Public Offerings. Self-storage operators weighing the future possibility of an initial public offering (IPO) may be motivated to bulk up their total assets to satisfy future public investors. Newly public companies often acquire stabilized properties that are accretive to company earnings. Nonstabilized properties that exhibit the potential to benefit from the company’s repositioning expertise may also be considered.
Two companies that completed public offerings in 2004, Salt Lake City-based Extra Space Storage and Cleveland-based U-Store-It, proved to be among the most active bidders for self-storage. Prior to its IPO, Extra Space entered a purchase and sale agreement for the Storage Spot portfolio, with 26 properties and a price of $147 million. U-Store-It also entered an agreement before its IPO, for the 42-facility Metro Self Storage portfolio, listed at $184 million.
Committed Equity. Generally, newly formed joint ventures with previously committed investor equity must place funds quickly or risk losing their backing. Obtaining new rounds of equity is usually predicated on placing the original money. Additional motivation to acquire assets results when a prospect loses to a competitor for product.
Increasing Market Share. Prospects often pursue acquisition of properties in existing markets or those believed to be key to future development. Select assets are targeted in locations believed to complement existing holdings. Prospects also are aggressively pursuing select opportunities outside existing markets to add diversification and economies of scale to current assets.
Evaluating competing offers for any sale has become more complex than ever. A matrix of submitted bids is used to highlight pertinent information for each (see above). Following are some of the categories used for comparison:
- Due Diligence and Closing Time—The amount of time a prospective purchaser requires for physical, financial and legal due diligence is critical. A long duediligence period inherently increases risk associated with successfully closing a transaction. Debt and equity requirements can also change quickly in a dynamic market.
- Earnest Money—Significant earnest money deposited into escrow may be a gauge of a prospect’s good faith, but the point when earnest money becomes nonrefundable distinguishes the best prospects.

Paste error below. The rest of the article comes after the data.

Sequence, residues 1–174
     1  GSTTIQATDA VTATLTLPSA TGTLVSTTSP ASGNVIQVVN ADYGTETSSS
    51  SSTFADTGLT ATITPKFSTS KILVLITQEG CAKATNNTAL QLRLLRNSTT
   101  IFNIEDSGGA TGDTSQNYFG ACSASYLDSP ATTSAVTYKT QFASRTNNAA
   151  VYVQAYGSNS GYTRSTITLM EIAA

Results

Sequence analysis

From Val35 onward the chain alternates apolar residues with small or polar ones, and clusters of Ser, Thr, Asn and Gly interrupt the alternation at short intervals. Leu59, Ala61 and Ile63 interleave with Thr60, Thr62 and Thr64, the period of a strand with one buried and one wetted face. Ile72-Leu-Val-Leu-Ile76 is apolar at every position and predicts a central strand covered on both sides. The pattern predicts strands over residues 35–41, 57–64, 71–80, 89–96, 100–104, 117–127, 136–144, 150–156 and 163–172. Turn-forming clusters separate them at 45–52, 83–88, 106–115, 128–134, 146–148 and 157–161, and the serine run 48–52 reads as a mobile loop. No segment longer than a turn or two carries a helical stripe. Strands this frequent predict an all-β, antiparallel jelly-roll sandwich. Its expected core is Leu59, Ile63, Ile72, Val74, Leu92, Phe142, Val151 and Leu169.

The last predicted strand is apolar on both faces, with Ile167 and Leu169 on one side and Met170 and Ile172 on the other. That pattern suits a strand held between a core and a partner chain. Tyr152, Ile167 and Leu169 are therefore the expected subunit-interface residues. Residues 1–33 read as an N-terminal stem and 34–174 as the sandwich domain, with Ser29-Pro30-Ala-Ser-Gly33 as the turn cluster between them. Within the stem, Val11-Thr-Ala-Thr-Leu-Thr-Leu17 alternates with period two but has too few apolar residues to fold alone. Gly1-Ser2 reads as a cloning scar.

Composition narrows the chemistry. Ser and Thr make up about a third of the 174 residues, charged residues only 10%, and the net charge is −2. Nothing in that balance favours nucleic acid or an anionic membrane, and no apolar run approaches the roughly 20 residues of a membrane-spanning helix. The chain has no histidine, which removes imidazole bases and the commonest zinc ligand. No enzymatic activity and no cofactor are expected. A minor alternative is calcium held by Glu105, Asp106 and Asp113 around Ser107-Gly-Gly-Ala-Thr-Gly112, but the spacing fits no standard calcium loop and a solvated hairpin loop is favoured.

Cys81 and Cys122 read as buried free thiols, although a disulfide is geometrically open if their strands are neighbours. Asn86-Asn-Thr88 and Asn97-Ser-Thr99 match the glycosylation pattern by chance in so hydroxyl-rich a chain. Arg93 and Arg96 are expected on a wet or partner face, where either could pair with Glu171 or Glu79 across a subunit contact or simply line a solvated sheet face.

- Financing Contingency—The significant capital recently committed for self-storage makes this category even more important to sellers. Any offer requiring a financing contingency is less desirable than noncontingent offers. Prospects without a contingency may require fewer approvals for funding and, theoretically, close a transaction more quickly.
- Cash vs. Operating Partnership Units—Capital-gains taxes are often a significant financial consideration for owners with a low basis in their properties. Public companies with an UPREIT structure provide a potential advantage by allowing owners the opportunity to contribute their properties in tax-deferred transactions using Operating Partnership (OP) units in lieu of cash. The OP units are similar to shares of stock in the company and do not trigger a taxable event until they are sold, while offering potential appreciation in their value.
- Seller Financing—Occasionally, purchasers will request the seller finance a portion of the purchase price to help achieve their projected target internal rates of return. Seller financing on select portfolios can be 10 percent to 25 percent of the purchase price. It helps to bridge gaps from insufficient loan proceeds with lower costs.
- Section 1031 Tax-Deferred Exchanges—Private buyers seeking to consistently defer their capital-gains taxes are excellent prospects for primarily single-asset acquisitions. Many of these candidates are not initially aware of the specific management requirements of self-storage.
Every owner has myriad issues to consider when selling his property. But due to the vast amount of capital available, coupled with low interest rates, it has never been a more opportune time for owners to consider selling a portfolio or single asset.
Marc A. Boorstein is a principal with Chicagobased MJ Partners Real Estate Services and has been involved in the purchase, sale and financing of more than $500 million in real estate nationwide since 2000. Mr. Boorstein is a regular speaker and author concerning the trends within the self-storage industry. He can be reached at 312.726.5800 or email@example.com.